Water Management in Ancient Mexico: Archaeological Heritage and Sustainable Development
This project investigates ancient water management of streams, springs and runoffs on the archaeological site of Monte Albán, Mexico, as a means to contribute with different stakeholders in the development of sustainable solutions to water problems today such as floods and scarcity.
- How did people in the ancient city of Monte Albán use and control water from springs, streams and runoffs from the hill?
- Were they able to retain rain-water in the landscape?
- What was the worldview and religion surrounding water among the ancient inhabitants of Monte Albán?
This project investigates ancient water management of streams, springs and runoffs. From a cultural heritage perspective, this research attempts to understand the interactions between society and its landscape. It takes as a case study the archaeological site of Monte Albán, Mexico, considered the earliest urban centre of Mesoamerica (founded in 500 BC) and a UNESCO World Heritage Site. The main objective is to recover the way people in the past used rain and lived next to water sources as a means to contribute to the current concern of developing sustainable solutions to water problems today, in particular combating floods and scarcity. This concern involves stakeholders, such as water technology engineers and scientists, urbanists, archaeologists, local authorities, environmentalists and citizens.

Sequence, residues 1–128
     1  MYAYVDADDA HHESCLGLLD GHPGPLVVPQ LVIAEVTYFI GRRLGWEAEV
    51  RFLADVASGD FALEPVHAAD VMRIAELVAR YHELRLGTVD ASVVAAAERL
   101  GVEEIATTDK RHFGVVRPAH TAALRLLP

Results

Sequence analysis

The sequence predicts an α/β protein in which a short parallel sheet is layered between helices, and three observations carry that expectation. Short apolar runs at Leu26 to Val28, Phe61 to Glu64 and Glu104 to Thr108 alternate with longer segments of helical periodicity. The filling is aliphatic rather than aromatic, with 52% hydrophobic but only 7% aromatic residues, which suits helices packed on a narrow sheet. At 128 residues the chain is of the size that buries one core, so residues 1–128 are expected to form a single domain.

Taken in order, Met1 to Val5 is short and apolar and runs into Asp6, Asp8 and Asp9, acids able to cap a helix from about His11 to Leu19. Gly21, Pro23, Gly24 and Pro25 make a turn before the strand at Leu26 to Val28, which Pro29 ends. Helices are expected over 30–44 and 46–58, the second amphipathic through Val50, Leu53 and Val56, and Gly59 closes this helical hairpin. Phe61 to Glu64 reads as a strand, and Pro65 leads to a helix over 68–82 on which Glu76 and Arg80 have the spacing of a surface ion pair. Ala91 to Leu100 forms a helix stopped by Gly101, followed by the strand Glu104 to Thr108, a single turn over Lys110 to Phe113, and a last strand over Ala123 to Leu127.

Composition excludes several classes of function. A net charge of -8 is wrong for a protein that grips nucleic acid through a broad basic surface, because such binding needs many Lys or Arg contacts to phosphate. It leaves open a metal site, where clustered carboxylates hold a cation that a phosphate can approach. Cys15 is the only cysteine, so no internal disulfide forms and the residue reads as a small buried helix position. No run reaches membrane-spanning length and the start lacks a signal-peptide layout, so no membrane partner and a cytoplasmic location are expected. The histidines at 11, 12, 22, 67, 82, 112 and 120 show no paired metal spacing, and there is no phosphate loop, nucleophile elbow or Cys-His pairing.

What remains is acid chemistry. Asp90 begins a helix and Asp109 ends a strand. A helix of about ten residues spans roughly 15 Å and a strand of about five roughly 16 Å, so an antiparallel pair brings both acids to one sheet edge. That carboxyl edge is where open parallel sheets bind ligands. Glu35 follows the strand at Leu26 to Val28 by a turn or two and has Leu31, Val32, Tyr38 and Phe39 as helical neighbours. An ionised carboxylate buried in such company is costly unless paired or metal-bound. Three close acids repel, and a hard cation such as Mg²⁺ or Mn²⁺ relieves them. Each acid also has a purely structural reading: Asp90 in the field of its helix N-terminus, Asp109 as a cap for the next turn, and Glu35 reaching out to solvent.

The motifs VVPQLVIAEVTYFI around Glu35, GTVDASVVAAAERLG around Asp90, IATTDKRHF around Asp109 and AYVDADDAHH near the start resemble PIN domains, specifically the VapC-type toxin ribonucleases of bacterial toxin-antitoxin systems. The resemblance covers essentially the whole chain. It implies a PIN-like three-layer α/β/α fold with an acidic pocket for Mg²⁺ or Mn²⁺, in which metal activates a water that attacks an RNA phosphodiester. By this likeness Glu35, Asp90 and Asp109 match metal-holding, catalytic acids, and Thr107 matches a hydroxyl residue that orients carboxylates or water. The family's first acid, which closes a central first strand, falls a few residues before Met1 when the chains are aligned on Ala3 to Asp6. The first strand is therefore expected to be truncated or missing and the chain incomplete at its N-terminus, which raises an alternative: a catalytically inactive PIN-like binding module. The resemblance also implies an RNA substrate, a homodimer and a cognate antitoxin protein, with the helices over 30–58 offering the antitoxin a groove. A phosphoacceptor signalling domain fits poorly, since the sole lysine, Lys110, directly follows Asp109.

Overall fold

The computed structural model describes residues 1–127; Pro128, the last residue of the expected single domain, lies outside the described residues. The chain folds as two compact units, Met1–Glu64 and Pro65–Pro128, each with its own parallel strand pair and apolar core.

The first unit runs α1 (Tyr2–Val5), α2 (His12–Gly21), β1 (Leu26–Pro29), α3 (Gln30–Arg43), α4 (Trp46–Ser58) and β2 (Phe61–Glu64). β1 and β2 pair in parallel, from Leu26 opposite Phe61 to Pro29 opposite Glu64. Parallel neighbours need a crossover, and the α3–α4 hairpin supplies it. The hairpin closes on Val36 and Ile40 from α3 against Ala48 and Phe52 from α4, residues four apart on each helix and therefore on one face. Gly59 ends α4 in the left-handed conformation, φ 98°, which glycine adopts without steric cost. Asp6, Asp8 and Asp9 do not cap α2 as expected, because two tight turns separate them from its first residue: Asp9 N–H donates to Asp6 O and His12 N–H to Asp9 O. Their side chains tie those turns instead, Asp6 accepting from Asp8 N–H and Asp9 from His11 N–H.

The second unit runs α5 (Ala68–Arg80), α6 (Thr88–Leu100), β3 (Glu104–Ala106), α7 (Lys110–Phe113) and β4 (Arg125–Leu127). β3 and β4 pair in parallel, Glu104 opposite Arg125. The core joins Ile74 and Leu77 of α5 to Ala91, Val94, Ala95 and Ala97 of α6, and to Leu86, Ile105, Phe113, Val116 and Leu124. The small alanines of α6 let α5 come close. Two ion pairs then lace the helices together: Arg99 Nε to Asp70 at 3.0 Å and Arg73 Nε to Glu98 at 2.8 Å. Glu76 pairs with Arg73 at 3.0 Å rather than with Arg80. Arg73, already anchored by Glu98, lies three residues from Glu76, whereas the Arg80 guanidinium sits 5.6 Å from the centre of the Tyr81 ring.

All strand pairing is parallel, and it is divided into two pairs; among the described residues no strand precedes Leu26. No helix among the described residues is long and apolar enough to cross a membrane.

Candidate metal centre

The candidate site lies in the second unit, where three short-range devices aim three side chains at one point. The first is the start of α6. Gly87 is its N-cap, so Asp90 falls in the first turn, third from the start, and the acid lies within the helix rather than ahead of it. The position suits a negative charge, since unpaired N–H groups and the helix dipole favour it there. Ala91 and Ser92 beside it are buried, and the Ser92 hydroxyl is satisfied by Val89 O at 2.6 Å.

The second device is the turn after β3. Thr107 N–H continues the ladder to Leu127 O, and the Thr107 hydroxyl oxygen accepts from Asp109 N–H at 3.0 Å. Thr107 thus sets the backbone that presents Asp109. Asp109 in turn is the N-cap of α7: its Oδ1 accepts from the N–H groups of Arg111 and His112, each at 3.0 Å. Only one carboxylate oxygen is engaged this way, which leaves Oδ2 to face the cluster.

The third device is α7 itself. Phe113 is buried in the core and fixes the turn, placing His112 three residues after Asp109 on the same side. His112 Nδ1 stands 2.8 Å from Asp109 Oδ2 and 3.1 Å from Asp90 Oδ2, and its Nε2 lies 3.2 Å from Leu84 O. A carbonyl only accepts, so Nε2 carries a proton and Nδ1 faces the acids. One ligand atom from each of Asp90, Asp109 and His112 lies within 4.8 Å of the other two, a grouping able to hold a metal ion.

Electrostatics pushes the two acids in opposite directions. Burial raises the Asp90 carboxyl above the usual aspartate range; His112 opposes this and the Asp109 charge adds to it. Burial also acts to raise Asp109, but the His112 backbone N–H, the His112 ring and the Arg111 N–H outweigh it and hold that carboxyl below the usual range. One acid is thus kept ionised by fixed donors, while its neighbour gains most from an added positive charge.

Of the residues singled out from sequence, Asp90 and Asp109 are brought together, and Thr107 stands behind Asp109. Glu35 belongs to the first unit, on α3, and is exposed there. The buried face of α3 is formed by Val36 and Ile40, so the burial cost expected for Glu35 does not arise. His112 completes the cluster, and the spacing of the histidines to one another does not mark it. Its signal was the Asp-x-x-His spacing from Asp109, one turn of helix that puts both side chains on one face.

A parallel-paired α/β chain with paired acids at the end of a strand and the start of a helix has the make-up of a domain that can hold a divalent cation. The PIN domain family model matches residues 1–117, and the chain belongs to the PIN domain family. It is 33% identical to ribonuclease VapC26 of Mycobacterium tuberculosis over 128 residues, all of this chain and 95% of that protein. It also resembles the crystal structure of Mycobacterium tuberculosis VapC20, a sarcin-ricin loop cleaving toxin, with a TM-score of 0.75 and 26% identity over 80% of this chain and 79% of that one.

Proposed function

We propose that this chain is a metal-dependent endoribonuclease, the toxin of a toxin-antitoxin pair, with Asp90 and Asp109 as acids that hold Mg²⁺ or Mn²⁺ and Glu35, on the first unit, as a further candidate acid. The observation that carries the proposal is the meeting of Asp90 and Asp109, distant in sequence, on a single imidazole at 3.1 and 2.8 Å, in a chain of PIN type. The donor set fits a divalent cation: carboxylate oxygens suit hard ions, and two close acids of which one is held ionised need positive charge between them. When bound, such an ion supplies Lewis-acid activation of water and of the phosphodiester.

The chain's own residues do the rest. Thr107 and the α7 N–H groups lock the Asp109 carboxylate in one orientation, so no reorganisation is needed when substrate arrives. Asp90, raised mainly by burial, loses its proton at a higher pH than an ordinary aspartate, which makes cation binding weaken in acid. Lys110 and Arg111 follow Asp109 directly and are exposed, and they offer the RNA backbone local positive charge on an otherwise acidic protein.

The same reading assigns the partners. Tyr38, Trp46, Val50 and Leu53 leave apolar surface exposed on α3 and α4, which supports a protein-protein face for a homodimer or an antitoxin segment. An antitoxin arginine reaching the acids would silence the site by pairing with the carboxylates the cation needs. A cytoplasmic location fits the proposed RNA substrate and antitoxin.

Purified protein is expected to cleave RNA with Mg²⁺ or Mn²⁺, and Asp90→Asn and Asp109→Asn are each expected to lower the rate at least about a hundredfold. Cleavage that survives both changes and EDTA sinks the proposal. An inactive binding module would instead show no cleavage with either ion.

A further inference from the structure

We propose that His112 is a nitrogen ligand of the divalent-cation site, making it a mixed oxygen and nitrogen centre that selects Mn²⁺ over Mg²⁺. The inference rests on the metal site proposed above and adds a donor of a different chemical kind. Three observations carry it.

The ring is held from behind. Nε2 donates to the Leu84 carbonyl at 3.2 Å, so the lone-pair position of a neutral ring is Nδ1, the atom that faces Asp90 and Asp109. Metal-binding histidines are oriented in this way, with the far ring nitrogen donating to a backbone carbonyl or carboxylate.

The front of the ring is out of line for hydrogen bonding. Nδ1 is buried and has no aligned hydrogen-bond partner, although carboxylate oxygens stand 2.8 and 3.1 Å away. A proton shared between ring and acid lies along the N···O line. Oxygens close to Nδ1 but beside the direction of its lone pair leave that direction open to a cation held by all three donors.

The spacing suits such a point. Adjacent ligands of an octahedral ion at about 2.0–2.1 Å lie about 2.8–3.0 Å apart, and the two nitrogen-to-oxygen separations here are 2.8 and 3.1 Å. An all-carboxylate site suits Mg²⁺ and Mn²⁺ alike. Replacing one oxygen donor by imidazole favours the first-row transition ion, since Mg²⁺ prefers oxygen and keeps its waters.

Although Monte Albán has been intensively studied, previous work has overlooked the presence of water, as well as the use of rain as a strategy for obtaining water. The focusof this project is on several streams, springs and runoffs that go through numerous terraced fields at the site. An archaeological survey can document the ancient hydrological technology that controlled these running waters. Geographical Information Systems, watershed analysis and hydrologic modelling will help to examine how the water travelled through the landscape, where and how it could have been obtained, and how sustainable this system was. Additional information is to be found in the archaeological, historical and ethnographical sources that tell of the worldview and religion surrounding Monte Albán’s main deity, Cociyo, god of Lightning and Rain-storms. Contemporary data from indigenous communities (mainly Zapotec), where people have made use of streams, springs and the water table for centuries, will also nourish a better view of how people live and interact with sources of water.